In 1990 he became the country's first actor to resign his contract with a theater and become a freelancer. Other theaters with which he has appeared include Theatrum Mundi and the National Theatre Bucharest. He taught acting at his alma mater between 1977 and 1978, and again from 1991 to 1998. He wrote three books that appeared under the Communist regime. The first, Șugubina (1977), is a volume of short stories. The second, La noi, când vine iarna, was initially published as a children's book in 1980 and was republished as a novel for adults in 2013. The third, Scaunul de pânză al actorului (1985), includes sketches about the theatrical world. He was obliged to join the Romanian Communist Party during his second year of university, due to the high grades he had achieved.
He began his political career in 2008, when he was elected to the Senate for Argeș County as a member of the National Liberal Party (PNL). While there, he served on the culture committee; his term expired at the following election. In May 2012, he was named Culture Minister in the new Victor Ponta cabinet, but was forced out of office the following month when the High Court of Cassation and Justice ruled there was a conflict of interest between his ministerial position and his managerial role at the theater.
In March 2014, when the PNL failed to include him on its list of candidates for that year's European Parliament election, Diaconu decided to run as an independent. Although his candidacy was initially rejected by the electoral authorities because the 2012 court decision had found him ineligible for political office, an appeals court placed him on the ballot, finding that he could in fact run for other offices than the one involved in the older case (that is, Senator). During the campaign, he built up the image of an independent persecuted by bureaucratic institutions determined to keep him out of office, benefiting from favorable media coverage. He won some 380,000 votes or 6.8% of the national total (ahead of two political parties that won seats), assuring him a term as an MEP. As an independent, he was only required to win 3.1% of the vote in order to secure a seat; he obtained double digits in the counties of Constanța (13.3%) and Botoșani (10.4%). He is thought to have significantly eroded the PNL vote, with one party member, Nicolae Robu, claiming Diaconu cut its performance by nearly half. In the European Parliament, he sits with the Alliance of Liberals and Democrats for Europe Group, and is vice president of the Culture Committee.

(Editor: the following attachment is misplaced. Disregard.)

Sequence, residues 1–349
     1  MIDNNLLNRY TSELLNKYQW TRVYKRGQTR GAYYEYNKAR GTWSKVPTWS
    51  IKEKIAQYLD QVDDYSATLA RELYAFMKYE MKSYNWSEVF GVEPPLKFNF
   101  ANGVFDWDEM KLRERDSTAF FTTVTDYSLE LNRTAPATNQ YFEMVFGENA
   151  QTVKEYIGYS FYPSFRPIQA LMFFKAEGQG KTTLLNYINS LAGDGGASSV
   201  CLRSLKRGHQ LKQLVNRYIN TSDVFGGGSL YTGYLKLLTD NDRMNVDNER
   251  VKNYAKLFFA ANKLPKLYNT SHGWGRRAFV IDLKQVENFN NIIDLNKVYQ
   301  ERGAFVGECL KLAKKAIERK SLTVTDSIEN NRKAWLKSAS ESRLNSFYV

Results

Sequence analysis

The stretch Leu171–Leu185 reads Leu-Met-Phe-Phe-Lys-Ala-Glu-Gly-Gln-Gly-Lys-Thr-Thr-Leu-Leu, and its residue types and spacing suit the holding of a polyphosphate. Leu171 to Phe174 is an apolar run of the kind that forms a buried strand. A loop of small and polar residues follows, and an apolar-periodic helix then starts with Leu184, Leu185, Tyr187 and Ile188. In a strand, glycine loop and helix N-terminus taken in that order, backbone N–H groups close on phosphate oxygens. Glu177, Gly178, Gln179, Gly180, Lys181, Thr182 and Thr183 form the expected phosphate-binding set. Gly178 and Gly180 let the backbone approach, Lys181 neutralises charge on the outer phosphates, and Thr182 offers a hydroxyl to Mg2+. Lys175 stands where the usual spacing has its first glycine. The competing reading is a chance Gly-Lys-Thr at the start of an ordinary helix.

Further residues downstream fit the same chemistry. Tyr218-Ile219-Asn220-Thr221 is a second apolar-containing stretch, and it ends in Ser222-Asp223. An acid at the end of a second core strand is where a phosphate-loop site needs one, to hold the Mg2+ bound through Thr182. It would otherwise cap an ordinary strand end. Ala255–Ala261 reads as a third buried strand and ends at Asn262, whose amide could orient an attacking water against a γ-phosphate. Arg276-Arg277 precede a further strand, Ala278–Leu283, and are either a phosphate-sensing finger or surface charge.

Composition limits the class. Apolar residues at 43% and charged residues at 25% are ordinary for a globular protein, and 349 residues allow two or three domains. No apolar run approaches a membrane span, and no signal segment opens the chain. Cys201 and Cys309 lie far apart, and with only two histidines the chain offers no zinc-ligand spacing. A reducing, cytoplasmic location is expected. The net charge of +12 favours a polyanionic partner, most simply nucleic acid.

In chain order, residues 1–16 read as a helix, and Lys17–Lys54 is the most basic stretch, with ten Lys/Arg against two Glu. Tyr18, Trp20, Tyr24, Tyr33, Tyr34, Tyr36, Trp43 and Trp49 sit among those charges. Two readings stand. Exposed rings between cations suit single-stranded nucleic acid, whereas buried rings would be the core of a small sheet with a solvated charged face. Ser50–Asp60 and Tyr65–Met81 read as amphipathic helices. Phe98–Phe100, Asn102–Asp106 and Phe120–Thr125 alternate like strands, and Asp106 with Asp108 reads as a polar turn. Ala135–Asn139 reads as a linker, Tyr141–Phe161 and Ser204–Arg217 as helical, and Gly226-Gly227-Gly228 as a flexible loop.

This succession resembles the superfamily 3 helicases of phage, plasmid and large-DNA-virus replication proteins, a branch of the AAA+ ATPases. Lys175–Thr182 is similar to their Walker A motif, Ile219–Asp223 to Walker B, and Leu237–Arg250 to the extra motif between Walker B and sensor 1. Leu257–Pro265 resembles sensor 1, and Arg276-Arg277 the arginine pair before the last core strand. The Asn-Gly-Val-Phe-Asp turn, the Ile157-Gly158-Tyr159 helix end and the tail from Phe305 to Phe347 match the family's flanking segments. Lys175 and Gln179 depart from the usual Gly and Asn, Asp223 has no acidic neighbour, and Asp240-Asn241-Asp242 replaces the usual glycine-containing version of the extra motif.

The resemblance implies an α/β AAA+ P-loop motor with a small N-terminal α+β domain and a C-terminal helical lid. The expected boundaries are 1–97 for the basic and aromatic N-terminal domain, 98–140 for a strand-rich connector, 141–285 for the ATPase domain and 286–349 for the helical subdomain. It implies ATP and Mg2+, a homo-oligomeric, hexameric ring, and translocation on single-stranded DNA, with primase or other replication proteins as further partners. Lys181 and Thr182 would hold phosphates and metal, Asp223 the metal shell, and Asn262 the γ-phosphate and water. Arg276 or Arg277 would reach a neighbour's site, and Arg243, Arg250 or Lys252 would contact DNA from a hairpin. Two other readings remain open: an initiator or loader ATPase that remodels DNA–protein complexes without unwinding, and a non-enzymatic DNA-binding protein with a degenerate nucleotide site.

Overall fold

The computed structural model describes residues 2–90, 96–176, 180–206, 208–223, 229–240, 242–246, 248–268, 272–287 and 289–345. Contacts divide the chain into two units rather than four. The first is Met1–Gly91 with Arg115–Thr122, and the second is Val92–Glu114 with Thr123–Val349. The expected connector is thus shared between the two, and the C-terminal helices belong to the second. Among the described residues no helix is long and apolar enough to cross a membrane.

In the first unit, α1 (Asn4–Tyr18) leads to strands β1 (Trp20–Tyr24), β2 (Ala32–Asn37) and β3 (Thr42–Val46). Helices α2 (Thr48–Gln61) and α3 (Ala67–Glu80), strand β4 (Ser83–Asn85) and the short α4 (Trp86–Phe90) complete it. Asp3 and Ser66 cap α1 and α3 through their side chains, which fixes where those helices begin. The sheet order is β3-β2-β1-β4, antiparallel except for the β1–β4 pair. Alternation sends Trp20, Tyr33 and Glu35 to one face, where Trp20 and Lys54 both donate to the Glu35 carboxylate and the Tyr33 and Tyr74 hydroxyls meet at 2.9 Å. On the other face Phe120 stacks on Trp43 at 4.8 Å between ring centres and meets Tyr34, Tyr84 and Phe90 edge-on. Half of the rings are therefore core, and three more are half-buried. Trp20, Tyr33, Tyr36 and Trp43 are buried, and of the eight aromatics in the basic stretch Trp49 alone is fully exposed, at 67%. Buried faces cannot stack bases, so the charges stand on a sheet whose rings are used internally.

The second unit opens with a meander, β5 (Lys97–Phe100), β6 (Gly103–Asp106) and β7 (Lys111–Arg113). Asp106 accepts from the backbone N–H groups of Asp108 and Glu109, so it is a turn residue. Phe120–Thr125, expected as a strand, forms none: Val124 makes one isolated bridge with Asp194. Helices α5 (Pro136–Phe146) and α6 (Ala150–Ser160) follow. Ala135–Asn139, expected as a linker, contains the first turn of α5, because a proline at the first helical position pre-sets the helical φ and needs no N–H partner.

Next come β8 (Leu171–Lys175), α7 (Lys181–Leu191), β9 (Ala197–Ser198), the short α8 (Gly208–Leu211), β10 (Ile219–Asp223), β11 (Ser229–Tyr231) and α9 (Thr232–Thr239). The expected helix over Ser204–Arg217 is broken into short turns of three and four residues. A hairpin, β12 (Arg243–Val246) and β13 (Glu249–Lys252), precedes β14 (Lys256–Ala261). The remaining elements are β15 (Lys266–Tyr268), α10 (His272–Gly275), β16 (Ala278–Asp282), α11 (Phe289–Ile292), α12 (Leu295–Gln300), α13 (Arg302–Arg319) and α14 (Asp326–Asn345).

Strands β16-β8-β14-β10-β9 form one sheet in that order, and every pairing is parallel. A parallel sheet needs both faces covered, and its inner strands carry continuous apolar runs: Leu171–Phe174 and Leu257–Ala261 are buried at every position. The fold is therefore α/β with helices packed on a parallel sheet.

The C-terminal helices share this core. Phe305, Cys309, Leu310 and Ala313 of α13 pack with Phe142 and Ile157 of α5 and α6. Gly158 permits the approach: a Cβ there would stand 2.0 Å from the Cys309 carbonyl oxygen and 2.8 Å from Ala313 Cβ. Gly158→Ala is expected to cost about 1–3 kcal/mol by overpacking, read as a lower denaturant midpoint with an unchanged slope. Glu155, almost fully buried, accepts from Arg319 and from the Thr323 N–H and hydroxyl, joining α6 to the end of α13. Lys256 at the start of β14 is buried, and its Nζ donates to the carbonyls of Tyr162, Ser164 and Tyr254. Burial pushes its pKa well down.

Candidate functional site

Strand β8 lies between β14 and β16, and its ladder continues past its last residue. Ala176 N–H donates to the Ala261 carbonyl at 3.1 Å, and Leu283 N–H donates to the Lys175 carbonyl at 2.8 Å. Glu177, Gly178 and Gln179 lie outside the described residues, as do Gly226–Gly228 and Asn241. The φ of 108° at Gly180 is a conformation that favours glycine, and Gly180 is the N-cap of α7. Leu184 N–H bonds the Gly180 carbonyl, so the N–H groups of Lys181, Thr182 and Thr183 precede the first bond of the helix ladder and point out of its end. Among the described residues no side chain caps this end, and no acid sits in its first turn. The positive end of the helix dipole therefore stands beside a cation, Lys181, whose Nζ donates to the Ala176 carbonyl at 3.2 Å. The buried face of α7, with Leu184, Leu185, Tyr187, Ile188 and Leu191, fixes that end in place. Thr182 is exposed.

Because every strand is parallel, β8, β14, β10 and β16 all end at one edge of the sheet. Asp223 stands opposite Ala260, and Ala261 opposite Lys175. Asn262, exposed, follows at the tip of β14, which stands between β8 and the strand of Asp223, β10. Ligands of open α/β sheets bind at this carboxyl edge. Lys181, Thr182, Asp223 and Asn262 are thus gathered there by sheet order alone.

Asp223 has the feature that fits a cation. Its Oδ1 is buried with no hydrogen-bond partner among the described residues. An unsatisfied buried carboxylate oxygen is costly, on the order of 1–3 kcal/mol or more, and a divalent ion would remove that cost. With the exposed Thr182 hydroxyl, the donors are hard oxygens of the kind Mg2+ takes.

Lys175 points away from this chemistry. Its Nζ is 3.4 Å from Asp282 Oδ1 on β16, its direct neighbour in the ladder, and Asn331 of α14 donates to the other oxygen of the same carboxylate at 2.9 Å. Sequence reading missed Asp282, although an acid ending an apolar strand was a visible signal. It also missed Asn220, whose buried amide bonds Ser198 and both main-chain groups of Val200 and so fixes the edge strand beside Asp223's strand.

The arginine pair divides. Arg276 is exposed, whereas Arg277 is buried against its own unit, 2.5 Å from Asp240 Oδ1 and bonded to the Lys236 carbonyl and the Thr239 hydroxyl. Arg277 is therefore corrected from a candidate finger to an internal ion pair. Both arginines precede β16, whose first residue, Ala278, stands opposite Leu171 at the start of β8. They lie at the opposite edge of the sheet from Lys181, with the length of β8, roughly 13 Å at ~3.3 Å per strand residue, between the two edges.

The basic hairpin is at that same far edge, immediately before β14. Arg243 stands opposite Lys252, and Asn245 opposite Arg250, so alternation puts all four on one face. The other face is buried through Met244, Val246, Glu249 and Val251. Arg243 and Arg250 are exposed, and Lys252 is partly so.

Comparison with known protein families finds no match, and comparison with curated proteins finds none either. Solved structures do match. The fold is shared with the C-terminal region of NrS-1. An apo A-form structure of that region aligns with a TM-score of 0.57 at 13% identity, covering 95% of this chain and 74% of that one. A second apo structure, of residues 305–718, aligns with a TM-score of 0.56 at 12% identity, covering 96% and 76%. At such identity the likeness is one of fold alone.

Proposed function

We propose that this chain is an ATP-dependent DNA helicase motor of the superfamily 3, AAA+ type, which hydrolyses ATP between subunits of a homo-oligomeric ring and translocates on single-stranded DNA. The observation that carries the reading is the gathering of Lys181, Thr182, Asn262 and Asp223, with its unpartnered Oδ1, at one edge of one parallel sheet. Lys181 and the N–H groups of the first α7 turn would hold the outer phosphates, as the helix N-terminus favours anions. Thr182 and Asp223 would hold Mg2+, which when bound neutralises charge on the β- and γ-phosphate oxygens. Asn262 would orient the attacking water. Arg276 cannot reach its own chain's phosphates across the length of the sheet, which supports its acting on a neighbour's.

In 1980 he married Diana Lupescu, herself an actress; the couple have two children. In 2012, he was the subject of an investigation by prosecutors for having helped hire her as a director at Nottara in 2007, despite the fact that she did not meet the necessary qualifications.